Heriot-Watt University and the Port of Leith Distillery are studying the impact of yeast on Scotch whisky flavour, writes Sean Murphy

It’s one of the three key authorised ingredients in whisky, yet its importance to the final flavour is often overlooked by many Scottish distillers.

Now, one of Edinburgh’s top universities and a new distillery based in Leith have revealed they are undertaking a comprehensive examination of the impact of yeast on the final flavours found in Scotland’s national spirit. One year in, the team say the study has already revealed some surprising results.

Funded by innovation agency Innovate UK, the Knowledge Transfer Partnership between Heriot-Watt University and the Port of Leith Distillery has set out to test the impact of more than 20 strains of yeast.

Victoria Muir-Taylor, the partnership’s associate distiller at Port of Leith Distillery, is the graduate from Heriot-Watt’s International Centre for Brewing and Distilling leading the research.

Yeast Scotch Whisky

Picture: ICBD

She explained that the objective of the research is to determine how the choice of yeast contributes to the complexity of flavours found in Scotch whisky.

She said: “A huge amount of attention has been given to the type of cask used for maturation, but we want to focus on the early phases of the production process. We want to see what new characteristics we can bring out in a whisky from changing the yeast alone. We believe this is a key area for innovation.”

Until the mid-20th century, many whisky distilleries shared yeast with the local brewery or used a combination of a distiller’s yeast for alcohol and a brewer’s yeast for flavour and mouthfeel.

Since the 1950s, the most prevalent types of yeast used in Scotland have been M strains of S.cerevisiae. A new super-strain, called MX, has recently been introduced due to its quicker and more efficient impact on fermentation. Another strain, Mauri, originally from a baker’s yeast, is also still used.

Ian Stirling, co-founder of the Port of Leith Distillery, a major new whisky distillery and tourism landmark planned for a site by the Royal Yacht Britannia in Edinburgh, added that there are hundreds of commercially available yeasts and though not all are suitable for whisky distillation, many can create unique flavours in the new make spirit produced by the whisky distillation process.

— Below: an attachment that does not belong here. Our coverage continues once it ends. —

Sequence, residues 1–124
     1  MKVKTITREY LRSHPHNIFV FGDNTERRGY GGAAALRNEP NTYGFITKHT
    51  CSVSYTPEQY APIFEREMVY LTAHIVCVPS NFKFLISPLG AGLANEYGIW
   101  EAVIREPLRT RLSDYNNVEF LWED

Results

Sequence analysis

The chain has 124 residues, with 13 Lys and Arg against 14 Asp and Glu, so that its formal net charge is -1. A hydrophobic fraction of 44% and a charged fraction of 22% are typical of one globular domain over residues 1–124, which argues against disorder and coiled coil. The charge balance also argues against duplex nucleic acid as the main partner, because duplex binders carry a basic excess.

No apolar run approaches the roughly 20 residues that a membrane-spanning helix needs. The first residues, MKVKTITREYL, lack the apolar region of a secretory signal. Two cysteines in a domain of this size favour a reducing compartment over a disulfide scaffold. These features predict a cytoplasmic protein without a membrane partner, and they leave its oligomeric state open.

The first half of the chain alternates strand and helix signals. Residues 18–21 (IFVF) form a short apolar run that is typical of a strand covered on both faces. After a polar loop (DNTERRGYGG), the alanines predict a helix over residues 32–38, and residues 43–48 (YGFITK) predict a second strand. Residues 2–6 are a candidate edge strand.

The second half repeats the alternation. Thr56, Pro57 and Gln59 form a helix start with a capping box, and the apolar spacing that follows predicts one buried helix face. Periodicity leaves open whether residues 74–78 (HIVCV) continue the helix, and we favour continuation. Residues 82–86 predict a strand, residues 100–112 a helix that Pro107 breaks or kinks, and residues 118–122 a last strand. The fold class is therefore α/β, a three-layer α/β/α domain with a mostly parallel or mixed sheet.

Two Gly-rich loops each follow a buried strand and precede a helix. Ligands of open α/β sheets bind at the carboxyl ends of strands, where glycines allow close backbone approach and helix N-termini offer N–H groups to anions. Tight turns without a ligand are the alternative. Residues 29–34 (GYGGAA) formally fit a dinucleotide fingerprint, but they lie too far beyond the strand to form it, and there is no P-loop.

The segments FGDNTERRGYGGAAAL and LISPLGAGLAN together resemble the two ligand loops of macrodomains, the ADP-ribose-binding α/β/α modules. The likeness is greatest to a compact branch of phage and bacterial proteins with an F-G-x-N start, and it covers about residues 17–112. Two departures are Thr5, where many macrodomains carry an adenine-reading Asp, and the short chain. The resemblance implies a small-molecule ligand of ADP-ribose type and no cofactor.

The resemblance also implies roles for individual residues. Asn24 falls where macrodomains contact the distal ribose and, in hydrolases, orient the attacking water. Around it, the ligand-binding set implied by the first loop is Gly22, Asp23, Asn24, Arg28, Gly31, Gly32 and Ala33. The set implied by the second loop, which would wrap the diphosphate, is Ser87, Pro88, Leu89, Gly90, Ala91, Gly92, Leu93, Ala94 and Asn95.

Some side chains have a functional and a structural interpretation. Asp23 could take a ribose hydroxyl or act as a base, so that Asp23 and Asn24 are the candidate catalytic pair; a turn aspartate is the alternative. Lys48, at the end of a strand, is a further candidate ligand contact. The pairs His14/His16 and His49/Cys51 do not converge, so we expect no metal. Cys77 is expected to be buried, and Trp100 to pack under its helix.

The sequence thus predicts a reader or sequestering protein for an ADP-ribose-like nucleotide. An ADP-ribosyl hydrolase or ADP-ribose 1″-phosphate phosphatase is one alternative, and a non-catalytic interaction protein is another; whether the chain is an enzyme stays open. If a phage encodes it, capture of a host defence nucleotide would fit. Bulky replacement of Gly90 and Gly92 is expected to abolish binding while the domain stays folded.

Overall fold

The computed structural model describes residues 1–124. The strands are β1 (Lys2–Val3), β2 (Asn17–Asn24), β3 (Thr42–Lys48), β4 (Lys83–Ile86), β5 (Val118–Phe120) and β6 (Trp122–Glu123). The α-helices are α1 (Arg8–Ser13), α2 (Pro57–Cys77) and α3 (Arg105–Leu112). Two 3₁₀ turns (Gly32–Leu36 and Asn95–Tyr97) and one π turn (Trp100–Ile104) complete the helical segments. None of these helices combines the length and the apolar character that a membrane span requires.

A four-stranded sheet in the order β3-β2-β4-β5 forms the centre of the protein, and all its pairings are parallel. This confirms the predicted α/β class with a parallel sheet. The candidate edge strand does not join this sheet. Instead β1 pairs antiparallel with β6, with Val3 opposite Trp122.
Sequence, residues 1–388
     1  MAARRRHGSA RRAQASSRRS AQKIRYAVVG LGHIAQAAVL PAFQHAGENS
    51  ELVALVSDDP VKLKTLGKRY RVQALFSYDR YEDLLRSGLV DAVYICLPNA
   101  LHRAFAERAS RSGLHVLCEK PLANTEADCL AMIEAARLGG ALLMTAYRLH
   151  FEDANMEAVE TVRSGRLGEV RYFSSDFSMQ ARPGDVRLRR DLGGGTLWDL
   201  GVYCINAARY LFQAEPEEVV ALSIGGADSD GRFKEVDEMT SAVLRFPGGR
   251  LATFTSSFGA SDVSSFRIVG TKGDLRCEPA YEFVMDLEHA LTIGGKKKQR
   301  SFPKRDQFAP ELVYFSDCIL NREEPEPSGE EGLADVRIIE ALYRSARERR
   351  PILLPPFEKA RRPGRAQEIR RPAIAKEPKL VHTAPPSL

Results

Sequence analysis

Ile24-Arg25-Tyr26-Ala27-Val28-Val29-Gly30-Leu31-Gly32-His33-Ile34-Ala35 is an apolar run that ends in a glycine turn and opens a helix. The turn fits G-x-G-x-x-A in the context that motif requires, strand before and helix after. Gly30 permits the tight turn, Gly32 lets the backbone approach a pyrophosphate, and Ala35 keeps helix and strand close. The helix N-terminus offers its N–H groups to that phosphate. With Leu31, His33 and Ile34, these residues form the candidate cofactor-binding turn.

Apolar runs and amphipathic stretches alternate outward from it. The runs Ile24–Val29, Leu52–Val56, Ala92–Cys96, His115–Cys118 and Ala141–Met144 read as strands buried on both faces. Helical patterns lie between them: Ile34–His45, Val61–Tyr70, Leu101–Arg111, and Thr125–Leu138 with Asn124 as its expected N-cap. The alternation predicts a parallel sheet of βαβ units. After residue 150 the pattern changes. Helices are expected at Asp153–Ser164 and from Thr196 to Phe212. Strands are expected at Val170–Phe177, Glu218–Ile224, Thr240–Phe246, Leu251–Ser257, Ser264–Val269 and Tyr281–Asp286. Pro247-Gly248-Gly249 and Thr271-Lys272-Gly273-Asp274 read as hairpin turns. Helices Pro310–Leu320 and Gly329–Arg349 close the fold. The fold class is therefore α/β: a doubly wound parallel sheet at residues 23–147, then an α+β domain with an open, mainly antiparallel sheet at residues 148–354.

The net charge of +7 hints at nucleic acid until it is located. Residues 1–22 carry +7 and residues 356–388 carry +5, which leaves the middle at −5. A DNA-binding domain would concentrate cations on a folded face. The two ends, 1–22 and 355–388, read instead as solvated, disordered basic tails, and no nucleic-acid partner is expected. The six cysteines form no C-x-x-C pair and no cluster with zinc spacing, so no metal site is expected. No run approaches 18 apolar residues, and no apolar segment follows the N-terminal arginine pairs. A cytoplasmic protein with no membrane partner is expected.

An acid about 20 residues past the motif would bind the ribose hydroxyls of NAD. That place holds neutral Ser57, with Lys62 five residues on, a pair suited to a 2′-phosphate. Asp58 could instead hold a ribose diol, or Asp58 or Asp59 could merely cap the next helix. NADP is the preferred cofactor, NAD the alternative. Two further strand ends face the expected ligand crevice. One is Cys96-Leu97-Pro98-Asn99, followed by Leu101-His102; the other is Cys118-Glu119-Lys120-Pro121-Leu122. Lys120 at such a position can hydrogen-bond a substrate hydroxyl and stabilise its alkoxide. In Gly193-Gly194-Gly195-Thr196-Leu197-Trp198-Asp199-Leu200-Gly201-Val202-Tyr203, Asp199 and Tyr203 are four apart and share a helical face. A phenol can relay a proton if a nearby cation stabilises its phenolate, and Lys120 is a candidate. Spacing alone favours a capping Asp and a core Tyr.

He added: “Until recently, efficiency has tended to dominate the conversation about yeast. However, we’ve already seen a few companies conducting experiments with some wonderful results reaching the market. However, Scotland still lags behind the US in terms of innovation in this area.

“We have now reached the halfway point in our two-year research and development programme, in which we are experimenting with a wide range of yeasts and fermentations, drawing ideas from different sectors of the drinks industry.

“We want to find new flavours and styles that we can draw through to our distillate. There are a huge number of variables to consider, such as how long you ferment for and at what temperature, but we firmly believe that this research will be beneficial for the industry as a whole.”

The project has already identified brewing strains of yeast more commonly used for beer which possess promising characteristics for whisky production, with an ability to maintain the balance between alcohol yields and flavour.

Muir-Taylor stated that the project team would be sharing the results of the study with the industry at large when it is completed in September 2020 in a bid to benefit innovation and the continued growth and development of the Scotch whisky industry.

She said: “As one of Scotland’s key exports, it is essential that we continue to push boundaries.”

 

 

About The Author

Sean Murphy

Driven by a passion for all things drinks-related, Sean writes for The Scotsman extensively on the subject. He can also sometimes be found behind the bar at the world famous Potstill bar in Glasgow where he continues to enhance his whisky knowledge built up over 10 years advising customers from all over the world on the wonders of our national drink. Recently, his first book was published. Dubbed Gin Galore, it explores Scotland's best gins and the stories behind those that make them.

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